Band Open House encourages upperclassman recruitment
Mary Steurer | Thursday, November 30, 2017
Before coming to Notre Dame, assistant band director Justin McManus said he thought working for the Band of the Fighting Irish was one of the “wonder” jobs.
Now the band’s assistant director, McManus said belonging to the organization has been an experience unlike any other.
“It’s unique because you get a different appreciation for [Notre Dame],” he said.
In order to share this experience with current students, as well as provide them with a chance to learn more about the program, the Notre Dame Band will be hosting an open house Thursday at 5 p.m. in the Ricci Band Rehearsal Hall. The event will give students a chance to familiarize themselves with the opportunities the band offers as well as talk to current band members.
McManus, who first proposed the open house, said the event was developed to improve the program’s recruitment of non-freshmen. The band has no trouble recruiting students who are new to campus but struggles to draw in upperclassmen and graduate students, he said.
Many students interested in band are hesitant to join freshman year because they’re concerned about the time commitment and would rather focus their energy on adjusting to college life, McManus said.
“Then they think they just can’t join after freshman year,” he said.
McManus said he hopes the open house will both help to dispel this assumption and provide students with the information they need to get involved.
The open house will commence with a brief overview of the program, which will include a description of the different types of bands and ensembles it offers as well as their respective time commitments and skill requirements, McManus said. In addition, the event will have 17 different instruments available for students to try and there will also be a tour of the band facilities.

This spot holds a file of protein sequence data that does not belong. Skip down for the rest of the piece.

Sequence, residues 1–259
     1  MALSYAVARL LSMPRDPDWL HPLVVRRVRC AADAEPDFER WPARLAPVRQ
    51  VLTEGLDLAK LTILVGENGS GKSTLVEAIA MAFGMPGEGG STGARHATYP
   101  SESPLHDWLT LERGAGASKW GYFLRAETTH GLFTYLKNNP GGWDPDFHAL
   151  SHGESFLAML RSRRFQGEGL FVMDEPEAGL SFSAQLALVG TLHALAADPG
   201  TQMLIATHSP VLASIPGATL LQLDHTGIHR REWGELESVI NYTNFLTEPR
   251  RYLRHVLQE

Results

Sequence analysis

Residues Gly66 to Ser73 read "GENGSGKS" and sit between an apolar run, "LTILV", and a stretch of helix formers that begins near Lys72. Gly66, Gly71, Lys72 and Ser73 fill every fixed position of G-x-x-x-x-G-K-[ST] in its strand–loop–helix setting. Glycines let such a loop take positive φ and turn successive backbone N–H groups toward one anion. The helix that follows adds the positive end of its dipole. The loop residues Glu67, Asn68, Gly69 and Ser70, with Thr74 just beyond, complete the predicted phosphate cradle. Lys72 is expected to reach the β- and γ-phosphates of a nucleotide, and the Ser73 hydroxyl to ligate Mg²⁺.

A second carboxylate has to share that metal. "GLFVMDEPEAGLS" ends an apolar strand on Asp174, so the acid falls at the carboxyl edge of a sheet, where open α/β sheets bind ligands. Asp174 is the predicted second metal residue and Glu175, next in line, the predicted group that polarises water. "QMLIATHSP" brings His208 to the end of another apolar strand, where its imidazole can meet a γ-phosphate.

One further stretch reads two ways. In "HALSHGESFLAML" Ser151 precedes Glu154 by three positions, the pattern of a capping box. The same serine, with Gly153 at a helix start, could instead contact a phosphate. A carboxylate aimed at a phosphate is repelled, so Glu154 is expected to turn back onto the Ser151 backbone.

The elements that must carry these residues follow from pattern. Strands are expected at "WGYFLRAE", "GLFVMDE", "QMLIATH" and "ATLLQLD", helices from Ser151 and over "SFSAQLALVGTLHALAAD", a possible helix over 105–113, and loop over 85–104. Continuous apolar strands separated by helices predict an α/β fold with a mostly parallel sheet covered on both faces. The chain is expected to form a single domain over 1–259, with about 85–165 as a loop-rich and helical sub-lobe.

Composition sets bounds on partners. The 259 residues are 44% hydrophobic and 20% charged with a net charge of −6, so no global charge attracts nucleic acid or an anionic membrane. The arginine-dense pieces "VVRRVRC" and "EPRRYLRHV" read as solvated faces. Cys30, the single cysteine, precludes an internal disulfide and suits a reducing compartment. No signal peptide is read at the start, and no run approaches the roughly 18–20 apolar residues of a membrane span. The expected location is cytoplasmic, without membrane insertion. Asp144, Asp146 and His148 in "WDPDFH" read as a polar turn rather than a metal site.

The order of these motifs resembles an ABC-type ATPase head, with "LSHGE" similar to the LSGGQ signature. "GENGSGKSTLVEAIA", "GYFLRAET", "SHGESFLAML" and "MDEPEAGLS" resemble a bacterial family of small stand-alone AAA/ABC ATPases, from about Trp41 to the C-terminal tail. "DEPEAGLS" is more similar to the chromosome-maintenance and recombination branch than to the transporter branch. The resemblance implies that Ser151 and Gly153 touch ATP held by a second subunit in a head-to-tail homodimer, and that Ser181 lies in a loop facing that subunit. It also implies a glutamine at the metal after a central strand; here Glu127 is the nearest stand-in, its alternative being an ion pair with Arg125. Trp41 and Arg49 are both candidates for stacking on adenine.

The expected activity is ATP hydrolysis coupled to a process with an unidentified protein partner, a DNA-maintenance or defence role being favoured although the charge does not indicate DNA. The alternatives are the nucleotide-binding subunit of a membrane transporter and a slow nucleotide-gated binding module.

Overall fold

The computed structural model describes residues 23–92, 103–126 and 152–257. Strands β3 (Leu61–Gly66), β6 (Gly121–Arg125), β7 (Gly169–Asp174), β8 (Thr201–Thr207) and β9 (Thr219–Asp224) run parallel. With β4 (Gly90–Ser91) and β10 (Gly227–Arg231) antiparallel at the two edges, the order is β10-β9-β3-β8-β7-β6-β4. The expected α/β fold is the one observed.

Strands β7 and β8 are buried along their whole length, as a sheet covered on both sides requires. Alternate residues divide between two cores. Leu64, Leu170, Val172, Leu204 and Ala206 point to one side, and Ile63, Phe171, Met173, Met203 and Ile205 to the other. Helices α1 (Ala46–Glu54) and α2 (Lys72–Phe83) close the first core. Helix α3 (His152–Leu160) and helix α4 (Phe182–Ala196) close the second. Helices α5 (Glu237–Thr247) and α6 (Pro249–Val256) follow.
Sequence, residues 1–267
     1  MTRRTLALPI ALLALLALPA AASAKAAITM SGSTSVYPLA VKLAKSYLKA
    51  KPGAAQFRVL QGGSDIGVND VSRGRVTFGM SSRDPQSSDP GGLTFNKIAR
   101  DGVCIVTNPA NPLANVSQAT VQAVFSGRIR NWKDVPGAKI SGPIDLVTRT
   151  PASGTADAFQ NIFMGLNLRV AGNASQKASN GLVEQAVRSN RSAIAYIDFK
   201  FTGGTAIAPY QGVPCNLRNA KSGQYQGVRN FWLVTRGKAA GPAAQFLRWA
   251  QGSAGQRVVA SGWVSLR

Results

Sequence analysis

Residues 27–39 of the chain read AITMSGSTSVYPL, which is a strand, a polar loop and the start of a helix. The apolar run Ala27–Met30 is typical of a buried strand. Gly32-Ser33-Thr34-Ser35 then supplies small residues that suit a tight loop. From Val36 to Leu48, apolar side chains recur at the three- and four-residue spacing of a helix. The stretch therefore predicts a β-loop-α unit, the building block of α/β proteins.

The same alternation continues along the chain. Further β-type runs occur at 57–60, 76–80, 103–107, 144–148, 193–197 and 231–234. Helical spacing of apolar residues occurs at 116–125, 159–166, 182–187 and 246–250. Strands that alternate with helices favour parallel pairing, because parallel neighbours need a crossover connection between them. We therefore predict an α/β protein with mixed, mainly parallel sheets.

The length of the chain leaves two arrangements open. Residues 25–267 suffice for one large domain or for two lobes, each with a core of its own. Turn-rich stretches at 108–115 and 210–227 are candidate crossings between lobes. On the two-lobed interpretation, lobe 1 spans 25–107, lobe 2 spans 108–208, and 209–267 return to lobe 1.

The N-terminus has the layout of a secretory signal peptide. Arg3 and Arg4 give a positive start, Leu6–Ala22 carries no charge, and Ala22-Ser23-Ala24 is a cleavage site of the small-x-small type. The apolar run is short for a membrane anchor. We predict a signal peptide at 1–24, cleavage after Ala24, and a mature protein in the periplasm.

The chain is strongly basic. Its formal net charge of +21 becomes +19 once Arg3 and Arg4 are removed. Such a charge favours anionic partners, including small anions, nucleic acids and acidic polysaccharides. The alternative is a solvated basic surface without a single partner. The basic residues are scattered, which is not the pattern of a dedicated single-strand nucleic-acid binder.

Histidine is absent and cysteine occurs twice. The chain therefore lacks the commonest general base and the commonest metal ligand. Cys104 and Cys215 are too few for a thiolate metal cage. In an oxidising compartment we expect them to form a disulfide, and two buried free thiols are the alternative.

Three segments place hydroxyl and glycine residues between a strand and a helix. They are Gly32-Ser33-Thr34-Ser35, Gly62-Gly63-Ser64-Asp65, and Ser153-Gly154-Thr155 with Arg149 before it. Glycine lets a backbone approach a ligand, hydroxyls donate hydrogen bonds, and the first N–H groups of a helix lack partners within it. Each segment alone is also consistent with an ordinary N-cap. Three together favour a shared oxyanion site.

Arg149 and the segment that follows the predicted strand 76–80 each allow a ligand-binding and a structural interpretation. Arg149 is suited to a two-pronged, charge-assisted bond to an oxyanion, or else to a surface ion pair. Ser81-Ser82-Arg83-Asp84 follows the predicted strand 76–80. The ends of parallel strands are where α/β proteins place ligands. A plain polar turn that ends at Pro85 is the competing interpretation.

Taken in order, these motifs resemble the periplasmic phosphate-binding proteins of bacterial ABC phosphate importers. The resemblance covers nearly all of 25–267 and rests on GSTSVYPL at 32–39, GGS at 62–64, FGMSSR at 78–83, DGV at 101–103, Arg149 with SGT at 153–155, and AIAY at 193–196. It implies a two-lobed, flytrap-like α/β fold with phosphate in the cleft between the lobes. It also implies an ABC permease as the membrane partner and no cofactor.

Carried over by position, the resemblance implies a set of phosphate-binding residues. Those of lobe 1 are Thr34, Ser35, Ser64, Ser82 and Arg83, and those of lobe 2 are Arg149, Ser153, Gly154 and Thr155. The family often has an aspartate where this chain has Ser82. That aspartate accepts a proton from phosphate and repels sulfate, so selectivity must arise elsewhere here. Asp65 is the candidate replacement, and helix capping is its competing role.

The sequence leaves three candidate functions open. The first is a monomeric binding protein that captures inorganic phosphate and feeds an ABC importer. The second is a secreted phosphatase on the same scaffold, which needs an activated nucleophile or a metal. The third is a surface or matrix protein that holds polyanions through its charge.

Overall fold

Junior MacKenzie Cavanagh and senior Brynn Alexander, the two band ambassador coordinators, will be joining McManus to provide a student perspective on joining the band.
Alexander said she hopes the event will provide students with a “fun way to get to know the band and see if it’s a good fit.”
Students do not need to be well-versed in an instrument to join, McManus said. The sheer breadth of the band program provides a place for all students, from beginners to long-time experts, he said.
For example, several bands are better suited for beginners, such as the basketball band and hockey band, Cavanagh said. After becoming well-acquainted with an instrument, students can audition for programs requiring more skill, such as the marching band, she said.
Cavanagh said the band is eager to work with individuals of all skill sets and works to accommodate each individual in their specific needs.
“Everyone is very welcoming,” she said. “Everyone is very supportive.”